For actress, animals are her way of life

Sanctuary, run by Tippi Hedren, is a refuge for wildlife

April 16, 2002|By Ruth Ryon | Ruth Ryon,SPECIAL TO THE SUN

Tippi Hedren keeps a mountain lion outside her kitchen, two African wildcats known as servals off her bedroom and a "liger," an offspring of a lion and a tiger, behind a fence a few feet from her front porch.

The actress, who starred in Alfred Hitchcock's The Birds (1963) and Marnie (1964), also has elephants in her house. Not live ones - they're part of a jewelry and art collection. But the cats are real, and an adult elephant does share the grounds.

Hedren lives in the Antelope Valley, 40 miles northeast of Los Angeles, in a wild-animal sanctuary she named Shambala - Sanskrit for a meeting place of peace and harmony for all beings, animal and human.

Home to Hedren since the mid-1970s, Shambala is a refuge for about 60 big cats and Timbo, a 45-year-old African bull elephant. All of the cats were born in the United States. Some were kept as youngsters in private homes. Many were abused.

None should be considered a pet, said Hedren, who first became interested in the plight of wildlife while filming in Africa during the 1960s and '70s.

Never mind that she opens a window in her house to let Daisy, the mountain lion, get a drink from the kitchen sink.

Forget that Hedren steps onto the deck and into the yard off her bedroom to summon a serval named Bugs Bunny.

These cats are predators. Asked if she has ever been bitten, Hedren said, "It comes with the territory, but I've had no bad bites - I'm still here."

She and her 11-member staff have learned how to treat the animals "with the dignity and respect they should have," she said. Of course, gaining that knowledge took time.

Shambala was founded by Hedren in 1972, the year Timbo arrived after being evicted from a game park in the Northwest.

Hedren moved to the sanctuary, then on 40 acres on the edge of the Mojave Desert, when her house was built there in 1976.

Rustically elegant, her Shambala house is decorated in leopard and tiger prints and collectibles such as stuffed toys of lions and other animals. "I collect everything," she said.

Over the years, Hedren has added onto the house and Shambala, which has the Santa Clara River running through it. Roar, the nonprofit foundation that operates Shambala and is headed by Hedren, recently acquired another 32 acres.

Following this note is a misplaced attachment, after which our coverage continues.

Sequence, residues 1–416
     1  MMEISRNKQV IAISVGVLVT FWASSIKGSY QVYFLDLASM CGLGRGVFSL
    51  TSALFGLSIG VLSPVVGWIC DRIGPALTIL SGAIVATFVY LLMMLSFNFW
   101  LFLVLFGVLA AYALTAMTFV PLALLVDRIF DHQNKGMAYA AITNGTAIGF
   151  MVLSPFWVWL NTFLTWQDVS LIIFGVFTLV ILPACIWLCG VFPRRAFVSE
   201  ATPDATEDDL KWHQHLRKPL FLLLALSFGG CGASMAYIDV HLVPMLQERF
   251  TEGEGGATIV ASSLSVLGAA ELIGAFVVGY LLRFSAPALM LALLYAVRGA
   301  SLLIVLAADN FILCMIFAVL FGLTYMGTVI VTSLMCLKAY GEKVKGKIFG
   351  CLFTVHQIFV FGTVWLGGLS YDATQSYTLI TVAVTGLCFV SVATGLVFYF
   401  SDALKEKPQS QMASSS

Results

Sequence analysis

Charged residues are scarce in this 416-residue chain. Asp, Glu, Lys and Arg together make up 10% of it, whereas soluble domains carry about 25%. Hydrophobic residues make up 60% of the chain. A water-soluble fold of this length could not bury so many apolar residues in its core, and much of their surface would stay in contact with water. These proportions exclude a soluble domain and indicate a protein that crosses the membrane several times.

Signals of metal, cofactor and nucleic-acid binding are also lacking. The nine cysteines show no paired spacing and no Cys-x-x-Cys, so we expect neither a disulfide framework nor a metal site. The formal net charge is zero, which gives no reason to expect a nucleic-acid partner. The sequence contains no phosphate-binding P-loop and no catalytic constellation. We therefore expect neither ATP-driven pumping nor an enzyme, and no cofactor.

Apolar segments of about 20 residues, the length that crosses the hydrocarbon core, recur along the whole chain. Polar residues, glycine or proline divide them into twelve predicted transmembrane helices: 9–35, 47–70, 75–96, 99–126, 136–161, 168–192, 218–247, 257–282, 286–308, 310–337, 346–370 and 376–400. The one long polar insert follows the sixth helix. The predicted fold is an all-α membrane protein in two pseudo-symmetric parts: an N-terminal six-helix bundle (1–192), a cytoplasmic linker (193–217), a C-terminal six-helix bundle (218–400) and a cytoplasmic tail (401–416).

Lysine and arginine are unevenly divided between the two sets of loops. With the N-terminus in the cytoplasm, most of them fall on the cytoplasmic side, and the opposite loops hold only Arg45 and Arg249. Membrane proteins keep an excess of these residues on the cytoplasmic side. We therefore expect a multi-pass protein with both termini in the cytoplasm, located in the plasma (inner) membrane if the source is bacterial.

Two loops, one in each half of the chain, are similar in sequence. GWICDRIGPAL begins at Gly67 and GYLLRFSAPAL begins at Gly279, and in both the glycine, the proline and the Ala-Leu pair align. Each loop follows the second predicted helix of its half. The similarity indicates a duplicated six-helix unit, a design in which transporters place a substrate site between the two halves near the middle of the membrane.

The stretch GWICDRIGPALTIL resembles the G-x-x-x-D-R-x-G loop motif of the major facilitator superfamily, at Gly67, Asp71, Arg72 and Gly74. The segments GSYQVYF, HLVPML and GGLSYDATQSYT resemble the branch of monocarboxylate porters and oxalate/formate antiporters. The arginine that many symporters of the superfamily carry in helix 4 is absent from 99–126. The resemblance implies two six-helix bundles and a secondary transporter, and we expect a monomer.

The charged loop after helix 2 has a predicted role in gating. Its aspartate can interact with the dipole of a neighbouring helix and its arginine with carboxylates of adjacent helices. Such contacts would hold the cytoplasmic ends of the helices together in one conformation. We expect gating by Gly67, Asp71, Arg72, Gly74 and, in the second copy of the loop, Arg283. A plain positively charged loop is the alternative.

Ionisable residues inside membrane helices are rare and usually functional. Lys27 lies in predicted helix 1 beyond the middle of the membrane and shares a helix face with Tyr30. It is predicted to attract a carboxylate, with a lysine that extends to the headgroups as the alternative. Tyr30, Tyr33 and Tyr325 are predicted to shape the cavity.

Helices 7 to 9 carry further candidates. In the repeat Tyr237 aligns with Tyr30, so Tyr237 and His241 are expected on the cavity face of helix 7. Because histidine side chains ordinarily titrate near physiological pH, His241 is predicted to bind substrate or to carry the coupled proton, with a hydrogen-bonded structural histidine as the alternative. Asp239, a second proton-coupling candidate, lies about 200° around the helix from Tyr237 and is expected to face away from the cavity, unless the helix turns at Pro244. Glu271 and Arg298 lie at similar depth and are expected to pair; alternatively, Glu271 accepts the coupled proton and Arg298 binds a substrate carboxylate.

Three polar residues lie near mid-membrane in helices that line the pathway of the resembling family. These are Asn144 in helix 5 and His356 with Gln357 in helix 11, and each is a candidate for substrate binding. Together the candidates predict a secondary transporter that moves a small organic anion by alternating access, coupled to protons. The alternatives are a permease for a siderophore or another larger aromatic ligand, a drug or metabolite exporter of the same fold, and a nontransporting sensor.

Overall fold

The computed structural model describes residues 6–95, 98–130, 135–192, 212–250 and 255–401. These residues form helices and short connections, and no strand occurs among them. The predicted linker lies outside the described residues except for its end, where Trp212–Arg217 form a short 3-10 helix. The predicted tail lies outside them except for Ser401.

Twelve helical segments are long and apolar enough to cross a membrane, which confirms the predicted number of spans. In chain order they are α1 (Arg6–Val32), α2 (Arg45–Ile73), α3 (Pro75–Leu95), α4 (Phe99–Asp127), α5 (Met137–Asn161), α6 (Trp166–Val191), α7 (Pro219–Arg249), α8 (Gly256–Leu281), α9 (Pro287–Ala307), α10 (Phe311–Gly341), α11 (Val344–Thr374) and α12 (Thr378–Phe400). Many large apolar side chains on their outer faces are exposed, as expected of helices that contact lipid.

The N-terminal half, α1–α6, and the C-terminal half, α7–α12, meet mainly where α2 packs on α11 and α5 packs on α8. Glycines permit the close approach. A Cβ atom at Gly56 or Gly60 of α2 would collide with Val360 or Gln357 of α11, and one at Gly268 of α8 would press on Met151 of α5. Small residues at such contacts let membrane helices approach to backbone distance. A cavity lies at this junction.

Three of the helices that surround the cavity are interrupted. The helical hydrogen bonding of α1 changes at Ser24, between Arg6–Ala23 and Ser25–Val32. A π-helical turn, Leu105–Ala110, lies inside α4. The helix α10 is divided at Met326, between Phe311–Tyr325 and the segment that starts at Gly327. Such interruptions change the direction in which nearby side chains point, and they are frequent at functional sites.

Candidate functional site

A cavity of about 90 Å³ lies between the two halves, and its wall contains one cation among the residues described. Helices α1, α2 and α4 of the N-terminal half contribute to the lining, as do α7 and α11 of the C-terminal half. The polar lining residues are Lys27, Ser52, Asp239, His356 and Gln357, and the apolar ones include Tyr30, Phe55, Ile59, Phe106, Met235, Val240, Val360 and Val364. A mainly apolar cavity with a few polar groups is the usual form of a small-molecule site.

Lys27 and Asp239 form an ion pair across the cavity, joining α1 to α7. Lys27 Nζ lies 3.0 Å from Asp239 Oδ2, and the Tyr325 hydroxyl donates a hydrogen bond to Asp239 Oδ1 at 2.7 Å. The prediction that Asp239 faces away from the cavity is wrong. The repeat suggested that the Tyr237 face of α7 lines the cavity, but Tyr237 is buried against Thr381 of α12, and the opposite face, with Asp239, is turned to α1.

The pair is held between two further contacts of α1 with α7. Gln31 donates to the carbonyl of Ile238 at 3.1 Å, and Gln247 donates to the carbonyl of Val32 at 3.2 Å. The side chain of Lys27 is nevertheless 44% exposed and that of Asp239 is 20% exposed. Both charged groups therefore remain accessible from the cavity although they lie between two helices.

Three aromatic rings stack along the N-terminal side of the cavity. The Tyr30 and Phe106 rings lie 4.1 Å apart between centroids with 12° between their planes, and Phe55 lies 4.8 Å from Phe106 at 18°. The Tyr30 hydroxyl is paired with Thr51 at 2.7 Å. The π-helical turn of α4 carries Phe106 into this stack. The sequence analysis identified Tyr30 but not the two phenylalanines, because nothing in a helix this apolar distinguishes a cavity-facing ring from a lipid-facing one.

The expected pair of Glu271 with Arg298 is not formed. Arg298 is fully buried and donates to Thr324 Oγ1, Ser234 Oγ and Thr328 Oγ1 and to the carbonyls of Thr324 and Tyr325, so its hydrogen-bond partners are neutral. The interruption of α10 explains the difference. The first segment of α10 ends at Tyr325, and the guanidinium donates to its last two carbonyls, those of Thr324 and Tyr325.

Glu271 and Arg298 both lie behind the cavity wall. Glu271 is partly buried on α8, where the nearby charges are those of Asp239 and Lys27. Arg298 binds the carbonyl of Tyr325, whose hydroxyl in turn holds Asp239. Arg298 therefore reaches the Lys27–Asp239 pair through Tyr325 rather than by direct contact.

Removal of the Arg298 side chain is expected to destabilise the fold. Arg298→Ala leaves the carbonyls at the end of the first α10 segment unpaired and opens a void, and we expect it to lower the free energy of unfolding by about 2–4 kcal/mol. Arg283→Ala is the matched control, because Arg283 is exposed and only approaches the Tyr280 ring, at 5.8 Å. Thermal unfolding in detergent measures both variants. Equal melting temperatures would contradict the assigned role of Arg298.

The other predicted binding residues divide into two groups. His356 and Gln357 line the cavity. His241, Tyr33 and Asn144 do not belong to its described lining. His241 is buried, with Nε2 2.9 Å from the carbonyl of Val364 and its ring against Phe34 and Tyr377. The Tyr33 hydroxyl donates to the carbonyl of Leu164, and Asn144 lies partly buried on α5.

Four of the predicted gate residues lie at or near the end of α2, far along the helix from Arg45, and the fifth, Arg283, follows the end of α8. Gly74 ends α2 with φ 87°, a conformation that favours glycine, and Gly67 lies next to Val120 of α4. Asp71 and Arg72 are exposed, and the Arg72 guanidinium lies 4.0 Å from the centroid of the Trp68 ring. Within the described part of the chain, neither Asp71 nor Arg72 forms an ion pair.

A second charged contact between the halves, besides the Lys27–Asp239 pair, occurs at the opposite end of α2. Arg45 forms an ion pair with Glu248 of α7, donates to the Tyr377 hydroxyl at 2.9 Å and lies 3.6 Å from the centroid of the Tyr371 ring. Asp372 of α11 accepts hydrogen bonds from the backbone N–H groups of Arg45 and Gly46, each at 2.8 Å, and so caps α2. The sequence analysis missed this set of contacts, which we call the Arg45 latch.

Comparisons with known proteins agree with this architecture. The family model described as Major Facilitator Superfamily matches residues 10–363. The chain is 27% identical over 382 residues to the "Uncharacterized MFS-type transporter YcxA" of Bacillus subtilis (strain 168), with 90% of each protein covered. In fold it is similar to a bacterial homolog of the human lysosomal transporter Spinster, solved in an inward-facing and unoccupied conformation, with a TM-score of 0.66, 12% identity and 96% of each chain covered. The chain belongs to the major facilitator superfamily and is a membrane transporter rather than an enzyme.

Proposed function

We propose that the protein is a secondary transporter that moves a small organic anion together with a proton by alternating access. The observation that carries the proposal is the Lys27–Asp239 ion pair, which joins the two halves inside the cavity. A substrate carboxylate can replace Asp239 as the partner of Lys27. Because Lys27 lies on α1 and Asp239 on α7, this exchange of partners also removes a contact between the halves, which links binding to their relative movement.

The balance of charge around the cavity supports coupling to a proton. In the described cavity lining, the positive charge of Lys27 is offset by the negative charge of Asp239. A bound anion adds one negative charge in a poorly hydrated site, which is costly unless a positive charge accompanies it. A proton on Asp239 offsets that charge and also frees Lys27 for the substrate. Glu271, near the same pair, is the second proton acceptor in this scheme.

Hedren has six house cats. Five have the first and last names of actors in her life: Melanie Griffith, her daughter; Antonio Banderas, Griffith's husband; Rod Taylor, her co-star in The Birds; Marlon Brando, one of her co-stars in A Countess From Hong Kong (1967); and John Saxon, her co-star in Mr. Kingstreet's War, a movie she made in Africa.

Sometimes the house cats are taken to the Shambala gift shop for a change of scenery. Most of the time, the cats stay indoors. Signs in both places read: "Please don't let the cat out, no matter what it tells you."

Another sign, which marks Hedren's dressing room, says "Tippi Hedren" on a star. Her dressing room was her bedroom until she added on a room with a Dutch door for viewing the large-eared servals, which she sometimes walks on a leash.

Throughout the house, Hedren has filled walls, tops of credenzas and other furnishings with photos of herself and her extended family.

There are pictures of her famous daughter and son-in-law, snapshots of her three grandchildren and photos of wild animals that Hedren took. Some of her photos and sketches have sold for as much as $1,000.

Many are of her favorite Shambala animals, such as Natasha, a tigress. "She lived her whole life with me," the actress said. Natasha died at 19.

The guest house, actually a safari tent on a platform, is available to the public for a price.

With a gift of $2,500 to Shambala, which depends on donations to house and feed the animals, a couple can spend a night on a featherbed in the tent between April and October. The cost covers a tour of the preserve, cocktails and a gourmet dinner.

A shower off of the guest house has a window. "I put it in so you can watch the tiger and the tiger can watch you," Hedren said. Diners on the veranda get a view of the elephant. After-dinner conversation is punctuated by the sounds of big cats.

The exotic cats and elephant at Shambala stay in their habitats unless taken on walks or to other places, such as the makeshift jungle made with fresh boughs and bushes by elephant handler Chris Gallucci, who helped build Hedren's house.

Among the animals are retired circus and Las Vegas performers, old TV and movie actors and big cats that were considered cute gifts when they were little but too much for their owners to handle as adolescents and adults.

A cheetah born in Oregon with three legs came to Shambala at birth. "We taught her how to stand, how to walk," Hedren said. "Now she runs."

Georgie, a black leopard, came to the sanctuary during a divorce. Neither husband nor wife could decide who should get the animal. "They're still deciding," Hedren said, "and Georgie has been with us now for 10 years."

Leo, a lion, was living unhappily in somebody's basement in Branson, Mo.

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